5. Just connect. You will likely have distinct networks that you are familiar with at the conference – librarians you went to school with, librarians you work with, librarians you serve on committees with. Don’t be afraid to introduce others and serve as a connector. If you are talking with a co-worker and an acquaintance from one of your committees walks up, introduce them. Not only does it relieve a potentially awkward situation (no one is left staring at the ceiling or floor as you finish your conversation), but who knows what kind of connections you just helped form. And with 60,000 librarians attending these conference, small actions like this help make the community feel smaller.

6.Follow through. It is one thing to connect with people at a conference, but the more important piece is to follow up with them. A great idea, collaboration, or friendship can’t exist unless it’s acted upon. So follow up with the people you really connected with, send an email telling them you (sincerely!) enjoyed talking to them about X, Y, and Z. It makes a difference, it really does! And who knows what sort of opportunities can follow.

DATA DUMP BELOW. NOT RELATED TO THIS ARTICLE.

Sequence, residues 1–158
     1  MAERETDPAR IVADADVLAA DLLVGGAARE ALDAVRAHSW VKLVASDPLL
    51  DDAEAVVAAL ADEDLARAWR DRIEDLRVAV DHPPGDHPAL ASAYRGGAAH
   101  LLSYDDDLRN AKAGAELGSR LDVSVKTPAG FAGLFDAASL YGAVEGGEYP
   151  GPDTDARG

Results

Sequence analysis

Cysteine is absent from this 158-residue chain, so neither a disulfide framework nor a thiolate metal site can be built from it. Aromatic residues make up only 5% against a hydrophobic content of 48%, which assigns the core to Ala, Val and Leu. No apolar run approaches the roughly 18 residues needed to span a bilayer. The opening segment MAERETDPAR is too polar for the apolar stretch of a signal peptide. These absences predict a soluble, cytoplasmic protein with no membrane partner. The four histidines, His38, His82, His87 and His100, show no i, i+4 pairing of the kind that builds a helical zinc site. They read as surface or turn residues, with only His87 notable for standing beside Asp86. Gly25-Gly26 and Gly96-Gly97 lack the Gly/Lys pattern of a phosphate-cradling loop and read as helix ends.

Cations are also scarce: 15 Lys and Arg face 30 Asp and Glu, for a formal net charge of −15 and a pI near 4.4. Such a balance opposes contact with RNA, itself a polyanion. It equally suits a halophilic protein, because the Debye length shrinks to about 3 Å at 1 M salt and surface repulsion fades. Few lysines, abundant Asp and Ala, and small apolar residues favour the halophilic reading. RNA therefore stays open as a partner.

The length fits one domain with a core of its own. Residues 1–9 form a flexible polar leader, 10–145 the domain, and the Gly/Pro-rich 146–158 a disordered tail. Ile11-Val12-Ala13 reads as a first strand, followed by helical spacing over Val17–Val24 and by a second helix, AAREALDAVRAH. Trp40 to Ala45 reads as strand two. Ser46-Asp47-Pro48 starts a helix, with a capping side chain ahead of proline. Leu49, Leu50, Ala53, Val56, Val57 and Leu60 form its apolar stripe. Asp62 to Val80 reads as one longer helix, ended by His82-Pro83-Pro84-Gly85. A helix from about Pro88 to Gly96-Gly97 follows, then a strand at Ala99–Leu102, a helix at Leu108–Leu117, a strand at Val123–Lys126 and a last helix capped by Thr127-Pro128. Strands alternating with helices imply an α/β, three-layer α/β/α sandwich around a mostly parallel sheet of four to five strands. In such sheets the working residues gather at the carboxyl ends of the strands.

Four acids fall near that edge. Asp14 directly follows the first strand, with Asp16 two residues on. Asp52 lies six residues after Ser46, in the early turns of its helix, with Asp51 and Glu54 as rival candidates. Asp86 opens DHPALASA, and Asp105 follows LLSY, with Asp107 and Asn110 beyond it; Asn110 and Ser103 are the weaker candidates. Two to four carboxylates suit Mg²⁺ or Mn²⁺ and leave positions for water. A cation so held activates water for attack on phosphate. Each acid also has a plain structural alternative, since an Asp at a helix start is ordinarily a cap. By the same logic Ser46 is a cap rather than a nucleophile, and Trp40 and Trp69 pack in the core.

Breanne’s Story: At the South Carolina Library Association Conference, I had a wonderful networking experience at the exhibitors opening reception. My husband, Jonathan and I found ourselves talking with a few other librarians about current projects we were working on at our respective libraries. One of the librarians mentioned that she was coordinating a steampunk conference and encouraged Jonathan and I to submit a proposal. Our proposal was accepted and we gave a presentation on Steampunk Aesthetics and Themes in Film: A Literature-Based Approach. The conference proceedings are in the process of being published in a manuscript. This example might be a little unusual, but there are many opportunities that come about from networking at library conferences. You may meet someone that is an expert on a new technology your library is thinking of implementing or a librarian that will be your future employer.